Thomas Cogswell, James 1: The Phoenix King (Penguin Monarchs series), (Allen Lane: London, 2017)
Studying or teaching Shakespeare’s plays, the figure of Elizabeth looms in the background, like the spectre at the feast.
We see it in the ever-present censorship, in the light of the Treasons Acts in 1571 and 1581, outlawing public discussion of the succession. Or, more positively, in the ‘Gloriana’ cult that produced works like Spenser‘s The Faerie Queen, and flattering nods to Elizabeth wherever you look – like links between her and Theseus in A Midsummer Night’s Dream. We see it in her discomfort with comparisons to Richard II, and the propagandic lionization of Henry VII.
Reading Cogswell‘s short, sympathetic biography has made me reassess the extent to which we / I ignore James until the succession question becomes absolutely critical.
My teaching schedule for the past few years has tended to rely on Macbeth as sole representative of Shakespeare’s Jacobean works. To teach that at GCSE, I rarely need to go much further back in James’ life than Daemonologie (1597) and Newes from Scotland and Agnes Sampson (1591). Other than that, he might get a passing mention in any discussion of Mary Queen of Scots.
Yet he was a contemporary of Shakespeare’s, born just two years later, and I think there are some good reasons why we should consider him more in the context of Elizabethan England:
- he was Scotland’s king from infancy – his behaviour would be noted and remarked on from an early age, in a way that a less exalted person’s would not;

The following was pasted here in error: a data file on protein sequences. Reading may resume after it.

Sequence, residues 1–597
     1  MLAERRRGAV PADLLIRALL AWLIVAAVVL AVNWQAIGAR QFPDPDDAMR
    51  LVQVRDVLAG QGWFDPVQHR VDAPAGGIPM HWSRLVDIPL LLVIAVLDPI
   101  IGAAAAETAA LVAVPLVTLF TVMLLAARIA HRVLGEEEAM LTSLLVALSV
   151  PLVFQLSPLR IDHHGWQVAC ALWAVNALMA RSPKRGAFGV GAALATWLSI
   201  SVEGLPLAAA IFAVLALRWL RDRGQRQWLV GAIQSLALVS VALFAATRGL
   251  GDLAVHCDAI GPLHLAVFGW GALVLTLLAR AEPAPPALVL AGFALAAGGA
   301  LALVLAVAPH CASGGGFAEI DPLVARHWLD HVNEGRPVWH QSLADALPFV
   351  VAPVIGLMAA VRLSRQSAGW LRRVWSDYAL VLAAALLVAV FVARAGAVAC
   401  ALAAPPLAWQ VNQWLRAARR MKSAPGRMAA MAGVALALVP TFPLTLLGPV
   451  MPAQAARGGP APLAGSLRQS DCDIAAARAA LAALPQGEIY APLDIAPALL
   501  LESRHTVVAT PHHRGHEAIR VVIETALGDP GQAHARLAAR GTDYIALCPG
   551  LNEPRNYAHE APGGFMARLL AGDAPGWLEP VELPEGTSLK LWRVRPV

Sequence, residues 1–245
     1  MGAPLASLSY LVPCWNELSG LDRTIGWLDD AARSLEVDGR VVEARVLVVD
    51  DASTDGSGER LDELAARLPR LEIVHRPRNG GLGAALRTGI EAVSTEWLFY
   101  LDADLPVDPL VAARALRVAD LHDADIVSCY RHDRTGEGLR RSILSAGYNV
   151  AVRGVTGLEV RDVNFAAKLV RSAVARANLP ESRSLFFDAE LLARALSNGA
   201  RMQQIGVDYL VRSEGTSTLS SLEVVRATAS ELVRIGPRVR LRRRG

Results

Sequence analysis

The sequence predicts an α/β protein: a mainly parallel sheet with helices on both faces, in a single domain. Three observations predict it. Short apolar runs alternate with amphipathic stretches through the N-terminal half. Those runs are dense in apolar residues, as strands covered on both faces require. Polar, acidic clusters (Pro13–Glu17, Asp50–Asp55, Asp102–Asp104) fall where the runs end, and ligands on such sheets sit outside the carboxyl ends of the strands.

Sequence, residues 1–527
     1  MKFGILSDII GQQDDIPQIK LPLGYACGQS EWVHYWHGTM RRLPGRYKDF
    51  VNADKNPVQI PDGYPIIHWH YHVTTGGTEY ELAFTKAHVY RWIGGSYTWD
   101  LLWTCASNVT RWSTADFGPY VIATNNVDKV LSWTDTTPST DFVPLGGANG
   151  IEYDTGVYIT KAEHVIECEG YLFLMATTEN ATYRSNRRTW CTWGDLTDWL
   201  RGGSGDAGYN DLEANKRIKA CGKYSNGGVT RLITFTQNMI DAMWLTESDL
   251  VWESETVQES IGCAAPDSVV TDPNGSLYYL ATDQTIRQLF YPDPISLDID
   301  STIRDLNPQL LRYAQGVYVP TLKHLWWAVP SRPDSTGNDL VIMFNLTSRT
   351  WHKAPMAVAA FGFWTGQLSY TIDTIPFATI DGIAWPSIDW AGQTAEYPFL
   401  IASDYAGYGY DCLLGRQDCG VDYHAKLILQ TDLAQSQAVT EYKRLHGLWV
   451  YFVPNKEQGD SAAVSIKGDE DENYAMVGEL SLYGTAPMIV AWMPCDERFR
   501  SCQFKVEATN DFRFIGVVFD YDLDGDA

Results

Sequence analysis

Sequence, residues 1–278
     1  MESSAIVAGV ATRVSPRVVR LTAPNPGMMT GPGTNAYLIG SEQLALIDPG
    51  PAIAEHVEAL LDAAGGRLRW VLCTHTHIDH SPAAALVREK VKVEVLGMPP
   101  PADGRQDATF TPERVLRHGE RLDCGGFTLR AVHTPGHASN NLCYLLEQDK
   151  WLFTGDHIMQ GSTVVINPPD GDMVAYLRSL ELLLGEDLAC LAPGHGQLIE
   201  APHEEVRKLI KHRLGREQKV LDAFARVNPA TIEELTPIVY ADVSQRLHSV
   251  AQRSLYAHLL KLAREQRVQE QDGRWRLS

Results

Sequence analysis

- the relationship between England and Scotland, and their geographical positions would have facilitated a constant and easy flow of intelligence; and
- he would have been on the list of candidates to replace Elizabeth probably from around the time the penny began to drop that she would die childless. This has to coincide, broadly, with the beginning of the careers of the major dramatists of the period
So maybe we overlook him, and the potential of his influence …
So I offer these quotations as interesting examples of what the ‘newes from Scotland’ might well have included around the time our playwrights were casting around for topical subject matter:
Handsome young men attracted him, and his emotional life had long revolved around them. The precise nature of their sexual relationship remains unclear. James adopted the role of the older, wiser man, educating surrogate sons. Yet he publicly caressed and slept with them. His sexual tastes puzzled some contemporaries and horrified others, who whispered about sodomy. These whispers cast a dark pall over James’ Arcadian life. His long stays in isolated houses, a contemporary recalled, ‘pleased the king’s humour well, rather that he might enjoy his favourite with more privacy, then that he loved the sports.’
His tiny retinue was almost exclusively male. In 1584, a French diplomat reported that James ‘loves indiscreetly’, and four years later an English agent observed that the king was ‘too much carried by young men that lie in his chamber’. These whispers were so insistent in 1592 that James startled the Edinburgh ministers by ordering them to preach against the common libel that he was a ‘buggerer’.
This extraordinary request highlighted concerns about his sexuality, concerns that would have become even more widespread if he had not married Anne of Denmark.
Note the dates in the second quotation. I offer these, in part, to my students who are well aware of James’s later relationships, but potentially lose marks in answers that refer to these – post-dating the plays – as contextual influencers of our texts.
Some might correctly point out that James had several children with Anne, but that is to ignore the royal imperative for an heir, and indeed, as James’s story proves, a spare or two.
This isn’t to judge James’s proclivities at all, and nor does Cogswell, in what I have already described as a broadly sympathetic portrait. The point is, if we can look at Edward II, for example and say – ‘aha, Henri III of France’, I think we can say ‘James of Scotland, too’ when we find suggestive behavioural matches … just not necessarily George Villiers, who cannot have had any influence on the writing of the plays.